Julia is only a poor colored girl,Whose ancestors perhaps were slaves; But her soul is as white as a mortal's can be In this world of white-painted knaves. Her tasks are the "menial" ones in the home, But "perfection in all things" her goal;
The way she lends beauty and grace to her task
Proves that truth: "He restoreth my soul."
No matter how simple the meal, she gives thanks -
Keeps faith with her Maker each day. -
Her religion is simple: "Love God and man."
Let me be more like her, I pray.


After telling about unscrupulous negro women, I think I should give you a picture of the opposite kind. And, to tell the truth, the rummage sale has been my only unfavorable experience with colored women. I often think of that bright-eyed, attractive negro girl - the look-out for "the gang" - getting her apprenticeship in crime. As a sort of appendix to last week's story, let me quote a traffic court conversation, as given in the little magazine, "The Family Circle," this week: Police Judge: What's your excuse for speeding through town at 60 miles an hour? Defendant: Well, your honor, I had just heard that the women of my wife's church were having a rummage sale, and I was rushing home to save my other pair of pants." Police Judge: Case dismissed! ****

The loyalty and integrity and Christian faith of the good colored people can hardly be exaggerated. There was Julia - always immaculate, who managed her finances in such a way that she was always well-dressed. Julia had class. Not a shred of laziness in her make-up; she did more than was asked of her. Julia had a buoyancy of spirit that was born of right-doing; our children adored her. She was courteous and respectful, but never groveling. She knew she was God's child, and, as such, to be treated with respect. She set her own table as daintily as ours. I liked her for that. Her reverence for God was a beautiful thing; it really glorified her daily living. Only once did Julia and I have a misunderstanding. I was selling dresses and lingerie (or "laundry," as little Virgil told his teacher) at the time. It was wash day; Anna, the faithful colored laundress through four years, when my spine was "on the curve," was there that day. I had come home, over-tired, and, such, always a ready victim to Satan's wiles. I heard Julia and Anna talking in the basement - heard my name - and my imagination, egged on by Old Nick, did the rest. I knew Anna was loyal; but I didn't know Julia so well. Julia was so surprised (rather, shocked) when I cut her short a little later. She waited a bit, then asked quietly, "What's the matter, Mrs. Taylor?" I told her what I THOUGHT I heard. She set me straight immediately, revealing a concern about me that I didn't deserve. And then, with a fine dignity, she said, "You know, I may be black on the outside, but I'm white on the inside." Well, think what you like; I put my arms around her dusky neck, and begged her forgiveness. And when colored people forgive, they really forgive. They put the transgression clear out of their thought. ****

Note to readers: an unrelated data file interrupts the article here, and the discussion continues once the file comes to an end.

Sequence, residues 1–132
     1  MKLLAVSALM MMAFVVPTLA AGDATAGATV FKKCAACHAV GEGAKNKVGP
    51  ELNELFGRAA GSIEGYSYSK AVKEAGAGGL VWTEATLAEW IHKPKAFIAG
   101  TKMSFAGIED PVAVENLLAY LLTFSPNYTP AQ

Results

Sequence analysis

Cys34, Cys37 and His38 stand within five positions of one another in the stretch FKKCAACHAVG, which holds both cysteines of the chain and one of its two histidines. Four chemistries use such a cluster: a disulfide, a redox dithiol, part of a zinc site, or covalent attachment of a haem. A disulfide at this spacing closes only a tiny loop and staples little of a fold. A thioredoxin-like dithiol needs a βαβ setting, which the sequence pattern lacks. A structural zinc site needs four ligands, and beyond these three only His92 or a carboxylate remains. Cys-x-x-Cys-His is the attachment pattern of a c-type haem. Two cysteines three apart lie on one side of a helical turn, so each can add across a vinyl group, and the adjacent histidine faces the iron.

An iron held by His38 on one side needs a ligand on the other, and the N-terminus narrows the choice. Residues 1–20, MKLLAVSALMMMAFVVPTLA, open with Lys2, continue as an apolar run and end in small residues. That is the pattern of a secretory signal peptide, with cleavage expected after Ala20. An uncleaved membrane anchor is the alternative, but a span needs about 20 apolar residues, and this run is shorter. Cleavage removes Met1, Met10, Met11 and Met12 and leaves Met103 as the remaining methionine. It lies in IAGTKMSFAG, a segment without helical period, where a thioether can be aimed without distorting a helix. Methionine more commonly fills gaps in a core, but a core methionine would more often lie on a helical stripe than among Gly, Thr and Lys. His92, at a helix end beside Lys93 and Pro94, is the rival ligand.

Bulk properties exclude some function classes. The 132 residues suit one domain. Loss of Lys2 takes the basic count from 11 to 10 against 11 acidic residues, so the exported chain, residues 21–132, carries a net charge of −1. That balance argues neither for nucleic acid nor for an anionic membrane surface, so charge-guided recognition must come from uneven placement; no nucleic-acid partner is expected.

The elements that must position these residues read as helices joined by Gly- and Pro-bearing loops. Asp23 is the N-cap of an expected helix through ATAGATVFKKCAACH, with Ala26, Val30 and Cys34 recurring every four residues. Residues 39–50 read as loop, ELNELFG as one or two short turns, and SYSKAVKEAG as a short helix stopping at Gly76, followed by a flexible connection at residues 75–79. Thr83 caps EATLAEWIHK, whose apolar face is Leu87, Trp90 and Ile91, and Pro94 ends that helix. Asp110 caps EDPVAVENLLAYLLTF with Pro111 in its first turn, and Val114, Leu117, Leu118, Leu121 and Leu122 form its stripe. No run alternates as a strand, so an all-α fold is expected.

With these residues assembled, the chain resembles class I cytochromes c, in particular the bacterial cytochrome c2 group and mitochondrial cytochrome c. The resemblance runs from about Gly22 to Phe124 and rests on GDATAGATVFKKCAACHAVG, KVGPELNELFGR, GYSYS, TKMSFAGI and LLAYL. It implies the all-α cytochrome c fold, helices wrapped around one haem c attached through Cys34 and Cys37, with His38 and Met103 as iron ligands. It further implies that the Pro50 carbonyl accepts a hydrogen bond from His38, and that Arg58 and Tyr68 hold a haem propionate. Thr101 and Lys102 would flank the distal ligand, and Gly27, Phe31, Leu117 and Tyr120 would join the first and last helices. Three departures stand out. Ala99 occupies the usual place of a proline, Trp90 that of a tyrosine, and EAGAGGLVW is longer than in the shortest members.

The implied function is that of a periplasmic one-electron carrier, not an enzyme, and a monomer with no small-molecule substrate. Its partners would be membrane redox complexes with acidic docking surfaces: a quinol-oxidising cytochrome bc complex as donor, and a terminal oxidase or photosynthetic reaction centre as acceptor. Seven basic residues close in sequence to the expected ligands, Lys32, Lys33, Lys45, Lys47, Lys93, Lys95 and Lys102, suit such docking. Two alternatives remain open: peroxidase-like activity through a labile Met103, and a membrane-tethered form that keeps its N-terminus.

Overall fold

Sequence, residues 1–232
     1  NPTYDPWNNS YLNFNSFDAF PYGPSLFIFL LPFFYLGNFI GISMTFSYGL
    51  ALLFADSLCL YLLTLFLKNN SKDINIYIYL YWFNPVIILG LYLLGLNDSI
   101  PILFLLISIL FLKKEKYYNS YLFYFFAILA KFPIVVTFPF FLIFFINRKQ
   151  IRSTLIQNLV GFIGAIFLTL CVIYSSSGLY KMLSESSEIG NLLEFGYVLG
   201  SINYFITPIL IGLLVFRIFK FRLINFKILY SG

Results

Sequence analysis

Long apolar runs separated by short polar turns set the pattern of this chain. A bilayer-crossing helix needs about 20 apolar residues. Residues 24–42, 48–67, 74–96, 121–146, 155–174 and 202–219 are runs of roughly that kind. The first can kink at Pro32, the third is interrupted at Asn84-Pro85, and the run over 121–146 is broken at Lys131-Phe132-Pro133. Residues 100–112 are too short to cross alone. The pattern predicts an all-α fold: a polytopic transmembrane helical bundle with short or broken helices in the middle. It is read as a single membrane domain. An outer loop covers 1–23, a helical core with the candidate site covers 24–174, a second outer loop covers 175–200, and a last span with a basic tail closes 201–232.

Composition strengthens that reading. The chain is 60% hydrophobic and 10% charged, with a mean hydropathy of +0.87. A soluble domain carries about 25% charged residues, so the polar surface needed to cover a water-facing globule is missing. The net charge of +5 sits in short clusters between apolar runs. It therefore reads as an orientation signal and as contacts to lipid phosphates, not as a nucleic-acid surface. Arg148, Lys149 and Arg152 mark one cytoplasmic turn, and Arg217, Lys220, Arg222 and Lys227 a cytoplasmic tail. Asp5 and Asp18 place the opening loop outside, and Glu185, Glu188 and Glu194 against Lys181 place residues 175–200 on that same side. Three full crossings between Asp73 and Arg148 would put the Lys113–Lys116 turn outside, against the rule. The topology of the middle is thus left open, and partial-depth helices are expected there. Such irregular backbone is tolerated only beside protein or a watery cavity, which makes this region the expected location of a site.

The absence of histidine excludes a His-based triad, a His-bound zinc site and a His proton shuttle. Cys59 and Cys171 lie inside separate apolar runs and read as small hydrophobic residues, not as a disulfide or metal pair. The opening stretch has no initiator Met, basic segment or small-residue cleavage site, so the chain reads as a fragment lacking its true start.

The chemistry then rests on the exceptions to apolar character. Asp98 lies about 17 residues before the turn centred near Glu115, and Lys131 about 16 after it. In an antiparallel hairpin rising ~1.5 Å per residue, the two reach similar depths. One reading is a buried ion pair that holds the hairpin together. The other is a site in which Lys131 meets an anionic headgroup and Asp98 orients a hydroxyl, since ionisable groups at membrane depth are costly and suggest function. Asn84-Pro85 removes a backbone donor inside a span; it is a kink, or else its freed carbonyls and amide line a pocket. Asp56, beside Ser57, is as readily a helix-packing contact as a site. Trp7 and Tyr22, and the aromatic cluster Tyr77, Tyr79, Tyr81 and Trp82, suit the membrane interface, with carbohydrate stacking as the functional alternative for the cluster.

There was Rosa, who came when father had a serious illness; and you knew from the first day that you could trust her with your most precious treasures. I exacted a promise that she would come to me when the new baby (Charlie) arrived. And she kept that promise, though it meant - I found out later - giving up a better job. (She did recover the better job later).****

And then comes Anna. If ever a mortal deserves a crown of righteousness, Anna's will glitter - and illumine her black face. Anna had a worthless husband, who wouldn't work, and was a bad actor in general. The court granted her a divorce and alimony, to support their only child, a boy of eleven. But the father skipped out. Anna not only supported that boy herself, but helped her brother support an aged, crippled mother, who hadn't walked for thirty years. The mother lived with Anna. I tell you, it takes character to meet life on those terms. There is such a divine faith that God will see them through. Anna might well have asked for relief, but, so far as I know, she never did. Her mother-love considered no sacrifice too great. If you wanted to treat Anna royally, just send something home to "Herbert." Herbert is about seventeen now; and I do hope he has found a way to lighten his mother's load. I haven't seen them for three years. When I hear people talk about the negroes being a lazy, shiftless lot, I think of Julia, and Rosa, and Anna - and I know that some of "God's chillun - colored chillun - got wings."

Florence B. Taylor

Next - 2/14/40 - JUST SUPPOSE...